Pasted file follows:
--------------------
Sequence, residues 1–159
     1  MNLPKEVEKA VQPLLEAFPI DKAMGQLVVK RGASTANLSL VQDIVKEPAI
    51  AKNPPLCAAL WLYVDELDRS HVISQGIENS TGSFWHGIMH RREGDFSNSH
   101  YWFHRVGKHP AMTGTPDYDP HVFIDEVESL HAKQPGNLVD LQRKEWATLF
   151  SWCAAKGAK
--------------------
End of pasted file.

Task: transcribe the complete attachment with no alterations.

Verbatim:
Sequence, residues 1–159
     1  MNLPKEVEKA VQPLLEAFPI DKAMGQLVVK RGASTANLSL VQDIVKEPAI
    51  AKNPPLCAAL WLYVDELDRS HVISQGIENS TGSFWHGIMH RREGDFSNSH
   101  YWFHRVGKHP AMTGTPDYDP HVFIDEVESL HAKQPGNLVD LQRKEWATLF
   151  SWCAAKGAK